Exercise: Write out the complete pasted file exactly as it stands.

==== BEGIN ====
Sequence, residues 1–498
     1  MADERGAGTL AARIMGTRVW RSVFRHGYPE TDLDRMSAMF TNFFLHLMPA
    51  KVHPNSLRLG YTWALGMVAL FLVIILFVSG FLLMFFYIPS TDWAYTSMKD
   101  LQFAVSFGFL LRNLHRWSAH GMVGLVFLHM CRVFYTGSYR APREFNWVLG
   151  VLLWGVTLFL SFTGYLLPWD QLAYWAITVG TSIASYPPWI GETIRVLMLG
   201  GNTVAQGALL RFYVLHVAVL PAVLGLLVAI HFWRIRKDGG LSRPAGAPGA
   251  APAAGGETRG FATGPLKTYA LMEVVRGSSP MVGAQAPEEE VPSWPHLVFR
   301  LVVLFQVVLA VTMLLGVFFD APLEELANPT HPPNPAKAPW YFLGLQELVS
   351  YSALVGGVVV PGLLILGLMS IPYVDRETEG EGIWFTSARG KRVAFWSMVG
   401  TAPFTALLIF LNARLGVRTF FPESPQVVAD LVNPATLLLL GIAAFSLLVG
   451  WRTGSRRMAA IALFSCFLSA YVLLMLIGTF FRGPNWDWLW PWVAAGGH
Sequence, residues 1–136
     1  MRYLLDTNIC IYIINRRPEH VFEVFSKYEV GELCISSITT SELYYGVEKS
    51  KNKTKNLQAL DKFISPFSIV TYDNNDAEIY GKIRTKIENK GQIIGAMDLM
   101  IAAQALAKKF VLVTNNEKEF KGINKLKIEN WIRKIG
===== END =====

Sequence, residues 1–498
     1  MADERGAGTL AARIMGTRVW RSVFRHGYPE TDLDRMSAMF TNFFLHLMPA
    51  KVHPNSLRLG YTWALGMVAL FLVIILFVSG FLLMFFYIPS TDWAYTSMKD
   101  LQFAVSFGFL LRNLHRWSAH GMVGLVFLHM CRVFYTGSYR APREFNWVLG
   151  VLLWGVTLFL SFTGYLLPWD QLAYWAITVG TSIASYPPWI GETIRVLMLG
   201  GNTVAQGALL RFYVLHVAVL PAVLGLLVAI HFWRIRKDGG LSRPAGAPGA
   251  APAAGGETRG FATGPLKTYA LMEVVRGSSP MVGAQAPEEE VPSWPHLVFR
   301  LVVLFQVVLA VTMLLGVFFD APLEELANPT HPPNPAKAPW YFLGLQELVS
   351  YSALVGGVVV PGLLILGLMS IPYVDRETEG EGIWFTSARG KRVAFWSMVG
   401  TAPFTALLIF LNARLGVRTF FPESPQVVAD LVNPATLLLL GIAAFSLLVG
   451  WRTGSRRMAA IALFSCFLSA YVLLMLIGTF FRGPNWDWLW PWVAAGGH
Sequence, residues 1–136
     1  MRYLLDTNIC IYIINRRPEH VFEVFSKYEV GELCISSITT SELYYGVEKS
    51  KNKTKNLQAL DKFISPFSIV TYDNNDAEIY GKIRTKIENK GQIIGAMDLM
   101  IAAQALAKKF VLVTNNEKEF KGINKLKIEN WIRKIG